Bad words

 

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Stolen from here; I don’t know if they’re the original creators but it’s a good image, don’t you think?

I want my little girl to have the best possible world and the widest opportunities. I want her to receive the same pay as any equivalent man in whatever field she moves into and to be able to choose the sexual (or asexual) partner of her choosing. I want this for everyone because I think it’s right. Pink is (not actually) banned in our house until she can make her own fashion blunders.

And yet I call her ‘sweetheart’. I call her ‘honey’. I tell her she’s pretty and cute and… and all the things that I wouldn’t say to a boy. These words slip out and they feel natural and I worry, I worry, I worry that I’m perpetuating gender stereotypes that are at best outdated and at worst harmful. That I’m damaging my own child in my ham-fisted attempts at love.

Words have power. Words create and corrupt. They’re also insidious little buggers and can ruin even the best-laid plans, displace the best of intentions and undermine the sweetest plans.

Through these subtle ways we define the world. By these choices we shall be known, and held up to society’s mirror. And yes, these things change. All we can do is the best we can by today’s standards. And yes, we can reject society’s values but then we will be judged.

Writers are especially vulnerable because words are how we communicate. Anyone can slip up and say the wrong thing, but writers choose. We think about what we say and how we say it. So writing a book with minimal female characterisation is a choice. We can’t claim that it was an accident: the best we can do is justify our decisions.

These choices aren’t always so clear. Do we include non-Caucasian characters in our mediaeval epics? Is realism an impenetrable barrier? A book without swearing is unrealistic, and yet we have apps that remove all swearing from our novels.

Arguments begin on the boundaries – and arguments, generally speaking, are good. They make us think, expose our unconscious biases.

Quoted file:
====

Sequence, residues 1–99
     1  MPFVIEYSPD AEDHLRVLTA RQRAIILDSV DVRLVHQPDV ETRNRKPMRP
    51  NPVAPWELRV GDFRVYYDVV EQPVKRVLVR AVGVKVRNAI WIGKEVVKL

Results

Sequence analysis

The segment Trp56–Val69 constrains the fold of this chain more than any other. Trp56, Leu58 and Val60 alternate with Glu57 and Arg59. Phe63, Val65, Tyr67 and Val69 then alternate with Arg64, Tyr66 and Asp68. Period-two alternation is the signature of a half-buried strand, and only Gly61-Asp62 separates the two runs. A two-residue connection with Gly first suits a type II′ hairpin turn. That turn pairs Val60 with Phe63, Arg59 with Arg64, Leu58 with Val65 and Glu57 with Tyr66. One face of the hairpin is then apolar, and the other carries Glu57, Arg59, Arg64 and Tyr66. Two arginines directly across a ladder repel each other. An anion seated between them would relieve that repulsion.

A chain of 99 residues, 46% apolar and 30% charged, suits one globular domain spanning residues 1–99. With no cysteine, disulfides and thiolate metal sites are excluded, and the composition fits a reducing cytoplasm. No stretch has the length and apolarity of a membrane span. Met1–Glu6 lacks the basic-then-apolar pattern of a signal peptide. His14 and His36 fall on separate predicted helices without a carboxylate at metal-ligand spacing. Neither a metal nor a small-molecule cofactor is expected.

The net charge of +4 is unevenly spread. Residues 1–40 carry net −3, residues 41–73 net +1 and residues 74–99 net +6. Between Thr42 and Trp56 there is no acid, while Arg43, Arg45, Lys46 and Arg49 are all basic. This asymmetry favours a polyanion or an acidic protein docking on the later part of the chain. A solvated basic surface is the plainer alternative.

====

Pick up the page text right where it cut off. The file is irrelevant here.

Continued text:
That doesn’t stop me worrying. Because everything is political. I believe in conversation, not censorship, but that doesn’t stop me worrying about the subtle ways I’m influencing my daughter in her most formative years.

 

A balancing act

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I can’t find an attribution for this picture, culled randomly from the internet. I suspect Photoshop may be involved somewhere

There is a problem. The problem’s name is work. And me having some.

All I want to do is to write. It doesn’t have to be fresh creation – I even enjoy a spot of editing every now and again. But writing don’t pay the bills, so I have Paid Employment. And now, in a vague attempt to find something more sustainable in a barren future time, I’ve got myself a second job. I have my first piece of professional proofreading.

This is a good thing. I’m shortly going to be taking parental leave and will be bringing in less money. I need to keep the Lyrapillar in nappies (whores will, after all, have their trinkets). I chose proofreading as a revenue stream as it’s probably the only thing I’m qualified to do, and that’s using the word ‘qualified’ somewhat loosely. It’s something I can do from home and can fit around the rest of my life.

The rest of my life aside from real writing, that is. That’s my problem. I’m trying to devise a new novel, but my mind is full of another person’s work. I have set myself the impossible deadline of doing this proofreading in a month – because I never learn – and that leaves no time for self-promotion, for sending out submissions and all the other things that I should be doing in order to develop my career, let alone actually creating new worlds and words.

This is a self-created problem. I don’t expect sympathy. I say this because it’s something all aspiring authors will encounter through the nebulous days of their writing careers. The trick of balancing all aspects of their lives. To be successful you have to write, and write many pieces, be they short stories, poems, or novels. I have given myself a task that I have to complete and that’s to the exclusion of artistry.

Ultimately it will be good for me. Of course it will be good for me. It’ll hopefully help me as a writer as well as bringing me in a little cash. But I chafe: I want to create.

And now I must away. I have proofs to read.